Friday, October 19, 2018

Ancient legends and new technologies

That photo shows a statue of Daedalus on the clifftop at Agia Galini on Crete. As part of my noise cancelling enabled concert hall without walls experiment I had the pleasure of experiencing Icarus from the Paul Winter Consort's eponymous album at the very point where legend tells that Icarus and his father the master craftsman Daedalus started their fateful flight. The album was produced in 1971 by none other than the legendary George Martin who was at a loose end following the break up of the Beatles. There is an auspicious link to a more successful pioneering flight, as George Martin recounts in his autobiography All You Need Is Ears:
The album was called Icarus, and was, I think, the finest record I have ever made. It didn't sell particularly well, but a lot of people took notice of it. And it had one special distinction. The title song, 'Icarus', also went out as a single, and David Darling's [the Consort's cellist] brother gave a copy to one of the Apollo crews. That was how it came to be the first record taken to the moon, though I don't think they had the facilities for playing it!
'The finest record I have ever made' is great praise indeed, and this album truly reached for the stars. Icarus was a Ralph Towner composition which became a jazz standard. The Paul Winter Consort's insanely talented multi-musician Collin Wallcot went on to play on the three priceless albums from World Music pioneers Codona before joining his Consort colleagues Towner and Paul McCandless in the genre-busting Oregon. But tragically Collin Wallcot died in a car crash in East Germany while the band was touring in 1984. My experiment with a concert hall sans frontières proves, if any proof is needed, that new technology can deliver enormous benefits in the right set and setting. But as Icarus and his father discovered, when new technology flies too close to the sun, disaster ensues.

With thanks to Michael Murie for confirming the George Martin backstory in 2011. My social media accounts are deleted. But new Overgrown Path posts are available via RSS/email by entering your email address in the right-hand sidebar. Any copyrighted material is included for critical analysis, and will be removed at the request of copyright owner(s).

Thursday, October 18, 2018

Zorba the Buddha

A recent discovery has been the music of Efi Markoulaki who is seen above. She was born in Athens in 1960 and has been a member of the Greek Composers Union since 2004. Among the composers who have influenced her through personal contact are Jonathan Harvey and Toshio Hosokawa. The Greek cellist Michael Heupel has recorded Efi Markoulaki's Cretan Suite for cello on Afierossis, a CD of 20th & 21st century works for solo cello. The disc is released on the German Ars label and delivers a splendidly visceral cello sound from its SACD layer.

Efi Markoulaki's Cretan Suite is most definitely not the usual folkloric pastiche. In her sleeve note Efi Markoulaki writes that: I "attempted to 'listen again' to a music that is deeply ingrained in my lived experience and my memories... My aim was to highlight the fundamental concepts of the source material for each movement while linking it to my personal aesthetic". She makes no allusions to supermundane agendas, but speculating about them is intriguing if not necessarily accurate. Crete's most celebrated cultural icon is the author of Zorba the Greek Nikos Kazantzakis. In Vienna in 1922 Kazantzakis studied Buddhist scriptures and began a play dramatising the Buddha's life. Writing in the autobiographical Report to Greco he describes how: "of all the people the earth has begotten, Buddha stands resplendently at the summit, an absolutely pure spirit". The wisdom traditions of the East extended beyond Nikos Kazantzakis, and in The Strong Wind from the East Markos Madias describes how Hinduism and Buddhism - particularly Zen - influenced prominent Greek intellectuals of the twentieth century including Nobel Laureate Giorgis Seferis. On more disputatious ground, the controversial Indian mystic and teacher Osho coined the term Zorba the Buddha to describe the anthropomorphic result of blending temporal and absolute reality. The term has transcended Osho's dalliances and has been adopted by a number of spiritual movements.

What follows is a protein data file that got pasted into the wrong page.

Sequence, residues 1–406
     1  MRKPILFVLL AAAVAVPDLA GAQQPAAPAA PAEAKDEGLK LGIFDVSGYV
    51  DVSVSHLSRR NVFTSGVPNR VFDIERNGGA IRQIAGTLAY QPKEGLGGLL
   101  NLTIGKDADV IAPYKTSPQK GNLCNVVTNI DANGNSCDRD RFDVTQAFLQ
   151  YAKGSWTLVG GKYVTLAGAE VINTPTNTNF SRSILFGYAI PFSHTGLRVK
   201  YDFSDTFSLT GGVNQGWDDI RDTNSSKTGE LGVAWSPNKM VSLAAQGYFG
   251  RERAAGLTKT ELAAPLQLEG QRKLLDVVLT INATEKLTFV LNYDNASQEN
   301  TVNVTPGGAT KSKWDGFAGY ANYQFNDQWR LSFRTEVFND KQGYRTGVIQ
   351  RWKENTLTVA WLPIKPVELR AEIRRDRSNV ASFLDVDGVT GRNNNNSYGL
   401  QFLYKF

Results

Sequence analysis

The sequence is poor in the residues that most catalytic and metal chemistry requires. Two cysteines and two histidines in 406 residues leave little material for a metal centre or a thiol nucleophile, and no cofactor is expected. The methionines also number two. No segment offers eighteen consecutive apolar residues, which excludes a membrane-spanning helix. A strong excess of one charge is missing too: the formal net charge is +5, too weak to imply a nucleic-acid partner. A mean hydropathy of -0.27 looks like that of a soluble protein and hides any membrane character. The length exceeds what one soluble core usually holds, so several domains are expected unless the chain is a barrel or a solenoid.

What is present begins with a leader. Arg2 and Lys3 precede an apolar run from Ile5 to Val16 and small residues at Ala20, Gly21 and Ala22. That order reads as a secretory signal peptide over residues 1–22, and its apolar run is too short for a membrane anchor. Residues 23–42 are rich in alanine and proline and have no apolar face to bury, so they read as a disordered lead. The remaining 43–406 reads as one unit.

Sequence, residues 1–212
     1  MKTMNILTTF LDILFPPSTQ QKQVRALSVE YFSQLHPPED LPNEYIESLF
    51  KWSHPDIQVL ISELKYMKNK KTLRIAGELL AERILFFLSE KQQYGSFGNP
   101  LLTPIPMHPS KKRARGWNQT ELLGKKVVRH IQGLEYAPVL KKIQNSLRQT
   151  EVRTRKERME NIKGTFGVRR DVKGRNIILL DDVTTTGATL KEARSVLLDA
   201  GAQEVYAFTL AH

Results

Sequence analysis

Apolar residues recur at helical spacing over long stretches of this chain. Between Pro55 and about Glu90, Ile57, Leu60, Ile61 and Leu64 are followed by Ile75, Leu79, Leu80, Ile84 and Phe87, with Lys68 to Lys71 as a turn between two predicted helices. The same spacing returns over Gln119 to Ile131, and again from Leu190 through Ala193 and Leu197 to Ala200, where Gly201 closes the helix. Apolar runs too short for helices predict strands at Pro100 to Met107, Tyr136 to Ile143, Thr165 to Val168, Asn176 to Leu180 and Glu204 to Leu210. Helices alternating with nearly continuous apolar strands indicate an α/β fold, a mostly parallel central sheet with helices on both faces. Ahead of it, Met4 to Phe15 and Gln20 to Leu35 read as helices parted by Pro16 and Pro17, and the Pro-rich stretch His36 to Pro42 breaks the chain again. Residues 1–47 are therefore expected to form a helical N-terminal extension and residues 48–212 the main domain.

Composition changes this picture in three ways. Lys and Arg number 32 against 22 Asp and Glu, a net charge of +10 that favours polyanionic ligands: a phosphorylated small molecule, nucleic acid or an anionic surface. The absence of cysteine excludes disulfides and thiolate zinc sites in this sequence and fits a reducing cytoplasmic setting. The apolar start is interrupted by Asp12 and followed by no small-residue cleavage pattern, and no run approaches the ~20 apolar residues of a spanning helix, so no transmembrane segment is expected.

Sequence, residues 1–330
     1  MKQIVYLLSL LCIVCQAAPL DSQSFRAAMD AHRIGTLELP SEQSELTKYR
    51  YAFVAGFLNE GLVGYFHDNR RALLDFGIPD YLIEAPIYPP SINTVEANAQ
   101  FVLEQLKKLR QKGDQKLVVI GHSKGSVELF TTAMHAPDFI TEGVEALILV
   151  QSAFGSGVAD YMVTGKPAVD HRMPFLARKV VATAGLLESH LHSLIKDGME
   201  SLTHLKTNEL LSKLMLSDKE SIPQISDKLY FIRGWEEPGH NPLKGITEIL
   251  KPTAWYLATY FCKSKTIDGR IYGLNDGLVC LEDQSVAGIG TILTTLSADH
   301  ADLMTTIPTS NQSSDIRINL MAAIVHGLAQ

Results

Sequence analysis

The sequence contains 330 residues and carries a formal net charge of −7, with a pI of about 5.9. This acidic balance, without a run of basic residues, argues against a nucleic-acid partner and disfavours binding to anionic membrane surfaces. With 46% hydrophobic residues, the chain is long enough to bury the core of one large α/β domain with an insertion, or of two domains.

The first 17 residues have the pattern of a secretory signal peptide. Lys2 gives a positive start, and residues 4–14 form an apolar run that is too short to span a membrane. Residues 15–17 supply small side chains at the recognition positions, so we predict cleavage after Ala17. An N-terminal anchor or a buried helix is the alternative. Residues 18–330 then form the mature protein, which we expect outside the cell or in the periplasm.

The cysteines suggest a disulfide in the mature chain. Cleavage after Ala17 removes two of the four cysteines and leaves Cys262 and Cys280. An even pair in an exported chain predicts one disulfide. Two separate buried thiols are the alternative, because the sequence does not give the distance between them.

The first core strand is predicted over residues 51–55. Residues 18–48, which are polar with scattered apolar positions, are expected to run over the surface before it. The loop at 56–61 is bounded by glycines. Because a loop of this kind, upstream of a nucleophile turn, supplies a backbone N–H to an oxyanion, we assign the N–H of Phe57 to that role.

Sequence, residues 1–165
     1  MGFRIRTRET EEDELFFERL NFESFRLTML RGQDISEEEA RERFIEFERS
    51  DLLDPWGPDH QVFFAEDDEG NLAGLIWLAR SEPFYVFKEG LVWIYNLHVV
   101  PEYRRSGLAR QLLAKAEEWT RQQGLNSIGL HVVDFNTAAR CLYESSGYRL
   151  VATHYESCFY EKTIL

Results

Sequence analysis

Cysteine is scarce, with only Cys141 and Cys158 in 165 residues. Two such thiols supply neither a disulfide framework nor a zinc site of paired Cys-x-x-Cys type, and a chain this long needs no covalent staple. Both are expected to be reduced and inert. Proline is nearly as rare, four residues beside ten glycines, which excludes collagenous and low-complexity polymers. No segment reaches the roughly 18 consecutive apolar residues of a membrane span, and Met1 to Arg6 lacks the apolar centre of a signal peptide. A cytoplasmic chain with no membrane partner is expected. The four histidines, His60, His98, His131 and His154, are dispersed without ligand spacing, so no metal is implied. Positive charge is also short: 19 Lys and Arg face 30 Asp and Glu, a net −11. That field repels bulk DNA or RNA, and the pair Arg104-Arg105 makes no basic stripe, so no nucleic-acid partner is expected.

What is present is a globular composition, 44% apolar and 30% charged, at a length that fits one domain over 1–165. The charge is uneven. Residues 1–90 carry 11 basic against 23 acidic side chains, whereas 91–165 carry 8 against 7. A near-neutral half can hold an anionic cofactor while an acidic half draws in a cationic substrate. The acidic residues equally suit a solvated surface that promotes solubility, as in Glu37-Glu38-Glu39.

Intriguingly these strong winds from the East also blow through Efi Markoulaki's musical influences. Jonathan Harvey's debt to Buddhism has been covered here several times and Toshio Hosokawa considers the compositional process to be instinctively associated with the concepts of Zen and its symbolic interpretation of nature. However Efi Markoulaki's Cretan Suite really does not need speculative sub-agendas to make its case. One of the movements played by the Suite's dedicatee Michael Heupel can be auditioned on a YouTube video, and its provenance is indicated by the company it keeps on the cellist's recital disc:

William Walton: Passacaglia
Bertold Hummel: Fantasia II “In Memoriam Pablo Casals”
Krzysztof Penderecki: Per Slava
György Kurtág: Pilinsky Janos: Gerard de Neval & Memoriam Aczél György
Miklós Rózsa: Toccata Capricciosa
Efi Markoulaki: Cretan Suite
Aulis Sallinen: Elegia Sebastian Knight’ille
György Ligeti: Sonata for solo cello

No review samples used in this post. My social media accounts are deleted. But new Overgrown Path posts are available via RSS/email by entering your email address in the right-hand sidebar. Any copyrighted material is included for critical analysis, and will be removed at the request of copyright owner(s).

Monday, October 15, 2018

Is classical music a personal or public experience?

In his 88-part poem Cables to the Air Thomas Merton tells us that 'La musique est une joie inventée par le silence' - music is a joy invented by silence. D. T. Suzuki was responsible for awakening the Zen spirit of both John Cage and Thomas Merton, and Cage took the assertion that music springs from silence to its logical - or should that be illogical? - limit in his 'silent piece' 4' 33". Silence, where music originates, is a personal space; however fundamental changes in technology and consumer behaviour are pushing classical music into the public space. It is this tension between the public and private that may explain why the art form is struggling to gain traction with new audiences.

These musings are prompted by recent listening with AKG N60NC active noise cancelling headphones. Extensive travelling means that headphones play an important role in my listening. But as an adherent to Quad hi-fi marque founder Peter Walker's assertion that "the perfect amplifier is a straight wire with gain" I have shunned noise cancelling, because of the possible degradation of sound quality. But time spent on long haul flights and a conviction that if the music had been through the binary mincing machine little more damage can be done to it, prompted me to audition and then purchase the AKG noise cancelling 'phones, which also have Blutooth capability*. (Mobile devices are now the listening mode of choice for music, and Bluetooth is the standard for short-range wireless data exchange both for mobile and domestic applications. Our cultural commentators take every opportunity to disparage the sound quality of London concert halls. But has a cultural commentator ever written about Bluetooth's degradation of audio quality? Standard Bluetooth streams music at 328kb/s, a rate below MP3 quality.)